Hilo Operation Named State’s Top Small Business
If it swims, floats, sinks or is otherwise connected to water, chances are S. Tokunaga Store has something to do with it.
That is probably one of the reasons why S. Tokunaga Store has survived the test of time for 92 years, and why current proprietor Michael Tokunaga has been chosen the 2012 Small Business Person of the Year for Hawaii.
Tokunaga’s award was one of three statewide SBA winners on the Big Island this year (see related article).
This also isn’t the first time the U.S. Small Business Administration has honored Tokunaga; in 2008 his company was named the SBA’s family business of the year for the Big Island.
The original store established in 1920 on Hilo’s Bayfront by his grandfather, Sumie Tokunaga, withstood two tsunami and the Great Depression.
Michael Tokunaga, 55, the third generation of his family to run the store, said the store’s longevity may have something to do with keeping up with the latest trends.
“Fishing has changed quite a bit,” he said. “High-tech stuff comes into play.”
That includes more advanced, lighter reels and fluorocarbon fishing line with neutral buoyancy that doesn’t reflect light.
“It’s nearly invisible to fish,” he said. Fishing poles, often made out of carbon fiber, are lighter, stronger and more sensitive to a nibble.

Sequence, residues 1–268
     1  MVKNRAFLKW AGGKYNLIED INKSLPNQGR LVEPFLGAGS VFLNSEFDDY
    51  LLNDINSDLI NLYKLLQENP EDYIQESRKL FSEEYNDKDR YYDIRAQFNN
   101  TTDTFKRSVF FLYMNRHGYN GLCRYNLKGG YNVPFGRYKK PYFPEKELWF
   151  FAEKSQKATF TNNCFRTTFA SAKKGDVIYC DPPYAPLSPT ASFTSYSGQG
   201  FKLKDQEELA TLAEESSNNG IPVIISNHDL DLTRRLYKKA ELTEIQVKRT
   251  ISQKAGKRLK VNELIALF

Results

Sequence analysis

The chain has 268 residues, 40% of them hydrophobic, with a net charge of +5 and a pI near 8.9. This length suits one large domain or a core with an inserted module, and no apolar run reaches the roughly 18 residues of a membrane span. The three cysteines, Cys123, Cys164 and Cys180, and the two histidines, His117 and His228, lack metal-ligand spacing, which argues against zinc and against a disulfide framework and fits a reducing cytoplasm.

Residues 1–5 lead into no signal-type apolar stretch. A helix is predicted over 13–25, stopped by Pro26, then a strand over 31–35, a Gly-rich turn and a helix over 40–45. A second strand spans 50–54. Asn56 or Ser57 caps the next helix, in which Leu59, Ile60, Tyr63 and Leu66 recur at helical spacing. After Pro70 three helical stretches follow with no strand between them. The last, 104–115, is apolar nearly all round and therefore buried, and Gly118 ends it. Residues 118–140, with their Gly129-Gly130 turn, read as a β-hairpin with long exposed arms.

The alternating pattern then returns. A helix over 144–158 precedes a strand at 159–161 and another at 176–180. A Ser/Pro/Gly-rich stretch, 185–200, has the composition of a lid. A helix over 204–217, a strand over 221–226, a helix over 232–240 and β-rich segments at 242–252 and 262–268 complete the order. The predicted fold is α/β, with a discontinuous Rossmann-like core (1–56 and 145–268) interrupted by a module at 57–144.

The store, located on Hoku Street between Kilauea Avenue and Kinoole Street, also sells the latest in diving gear and spearguns, and has also branched out to stand-up paddleboards. It also caters to hunters, with ammunition making up a significant portion of its sales.
Perseverance apparently runs in the family.
After being hit by both the 1946 and 1960 tsunami, Sumie Tokunaga moved the business to Mamo Street, where it was taken over by his daughter-in-law, Ethel, who has since passed away.
Back then it was unusual for a woman to run any business, let alone one involving fishing, Tokunaga said. But his mother had been to business school and, besides, “fishing was her love,” he said.
“It’s too bad she’s not here to see this (award),” Michael Tokunaga said.
In addition to his longtime clientele, Tokunaga has seen new generations come through his doors.
“We try to teach our up-and-coming customers to fish smart,” he said, adding that taking care of the fishing resource “is very important for our new generations.”
One of the ways that is done is through the store’s sponsorship of the annual tag-and-release Ulua Challenge. The tournament, which will take place in June, is part of the Pacific Islands Fisheries Group Statewide Tagging Challenge.
Not all of the fish are released, however, as some are provided to the state Division of Aquatic Resources for research.
The business, which has 10 full- and part-time employees, moved to its current location when Tokunaga took over the reins in 1991. With the current 1,500-square-foot space stacked to the ceiling with goods, is another location in the works?
“I think something might be cooking,” Tokunaga said, declining to discuss specifics.
Tokunaga will next compete for the national award, representing Hawaii in Washington, DC May 20-22 for the SBA’s National Small Business Week as he competes against the winners from the 50 states, Guam, Puerto Rico and the District of Columbia.